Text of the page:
Sutton would have played that role had he not joined Christie's – creating a conflict of interest. As it happened, the van Otterloos had recently met Simon Levie, former director of the Rijksmuseum, at Jack Kilgore's booth at TEFAF-Maastricht. They enlisted Levie as their advisor, paying his scouting expenses and a percentage fee on the works they purchased (they declined to say how much).
The van Otterloos recognized that the payment scheme "puts the incentive in the wrong place, on volume," but say it didn't work that way. "We had the [collecting] bug by then," says Mrs. van Otterloo. "If anything, he [Levie] held us back – he would say, 'this is not the right painting.' " To guide them, Levie wrote essays on each work he proposed for purchase.
In 1997, Mr. Levie suggested an evalutation of the couple's collection: they had bought intuitively, beautiful works that would fit in their home – and mostly landscapes. They agreed, and asked Mr. Levie to write a memo focusing on the future direction of the collection.
"My personal goal was to equal the Carter collection in Los Angeles," says Mr. van Otterloo, reaching for a catalogue of the works owned by the late Edward W. Carter, a founding president of LACMA, and his wife Hannah. The Carters had, beginning in the late '60s, amassed a quiet, eye-pleasing collection of cabinet-sized paintings that was, Mr. Wheelock says, "renowned for its uniformly high quality paintings in extremely good condition." The collection, 36 works, was given to LACMA in 2003.
The van Otterloos asked Mr. Levie to cover all the themes of 17th-century Dutch and Flemish painting and tell them where their collection had gaps. At the time, they owned about 25 works. "He came back with a list that added up to 66 paintings, including those we owned," says Mrs. van Otterloo. Mr. Levie pointed out that they owned no portraits, no female painters, and so on. "We looked at his list, and said, this is absolutely right."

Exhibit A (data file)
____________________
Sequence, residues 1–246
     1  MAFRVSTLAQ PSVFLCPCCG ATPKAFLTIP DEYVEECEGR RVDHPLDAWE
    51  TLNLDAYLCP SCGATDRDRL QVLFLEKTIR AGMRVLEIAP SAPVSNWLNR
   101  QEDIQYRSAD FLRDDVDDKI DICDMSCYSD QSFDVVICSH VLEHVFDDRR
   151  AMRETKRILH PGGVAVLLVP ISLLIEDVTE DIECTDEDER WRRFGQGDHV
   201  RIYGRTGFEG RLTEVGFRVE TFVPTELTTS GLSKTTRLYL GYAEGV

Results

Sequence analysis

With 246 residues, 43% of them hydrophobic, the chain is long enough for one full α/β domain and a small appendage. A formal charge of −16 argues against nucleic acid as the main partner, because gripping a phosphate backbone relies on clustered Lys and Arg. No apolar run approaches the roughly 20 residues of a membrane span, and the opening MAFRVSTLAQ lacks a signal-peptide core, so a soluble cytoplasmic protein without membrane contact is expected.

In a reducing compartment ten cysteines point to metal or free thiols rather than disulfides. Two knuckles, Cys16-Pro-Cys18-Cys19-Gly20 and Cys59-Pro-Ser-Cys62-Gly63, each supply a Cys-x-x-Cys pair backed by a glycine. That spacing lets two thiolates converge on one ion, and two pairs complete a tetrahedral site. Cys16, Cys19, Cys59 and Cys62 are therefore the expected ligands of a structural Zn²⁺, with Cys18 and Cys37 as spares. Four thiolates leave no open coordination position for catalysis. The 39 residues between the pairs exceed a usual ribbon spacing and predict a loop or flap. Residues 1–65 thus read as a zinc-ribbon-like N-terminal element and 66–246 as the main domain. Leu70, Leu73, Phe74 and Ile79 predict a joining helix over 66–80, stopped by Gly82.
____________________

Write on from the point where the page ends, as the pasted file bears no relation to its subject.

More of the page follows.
"From then on, we started looking more systematically," says Mr. van Otterloo. They set their sights on those gaps – seeking church paintings, seascapes, cityscapes, portraits and so on. And they resolved only to buy the top works by an artist, "not the one he did on a Monday with a hangover," says Mrs. van Otterloo. They wanted a major work by all the important artists.
With Mr Levie's help, they devised a strategy for their collection and decided to sell 18 works that no longer fit their goals. They started seeking specific kinds of works that illustrated different aspects of common Dutch genres such as still lifes, landscapes, domestic scenes, church interiors, seascapes, works by women artists. "They've done it in a way that they can give you a history of the painting type," says Mr Sutton.
For example, a Willem van de Velde (the Younger) seascape shows a vessel struggling in a stormy sea; a Simon de Vlieger work depicts a choppy sea with sailboats keeling strongly to leeward; a Jan Porcellis painting shows another choppy sea, but is unusual in that it also includes a rainbow in the composition. Next come two scenes showing calm, unrippled waters, one by van de Velde again, another by Jan van de Capelle. They own a river scene by Ludolf Bakhuizen that shows Amsterdam in panorama. Finally, they own what Mrs van Otterloo describes as "a small but well preserved example of a pen painting by Willem van de Velde the Elder." As with these seascapes, they can show the development of each genre they collect, says Mr. Sutton.
With major artists, the van Otterloos sometimes buy more than one work, but they strive to have dissimilar ones. For example: They own three Jacob van Ruisdael paintings – a winter scene, a forest scene and a panorama.
"That's really thoughtful," Mr. Sutton says. "Simon gave them a framework which thinks about art history, and they obviously care."
Rembrandt Sets The Standard
The couple's biggest move came in 2001, when they decided they wanted to buy the Rembrandt, which was on sale at Robert Noortman's booth at the European Fine Art Fair in Maastricht that March. Noortman, who had purchased the painting at Christie's in London for $28.7 million in December, 2000, was asking $36.5 million. The picture had come from the estate of the Baroness Batsheva de Rothschild.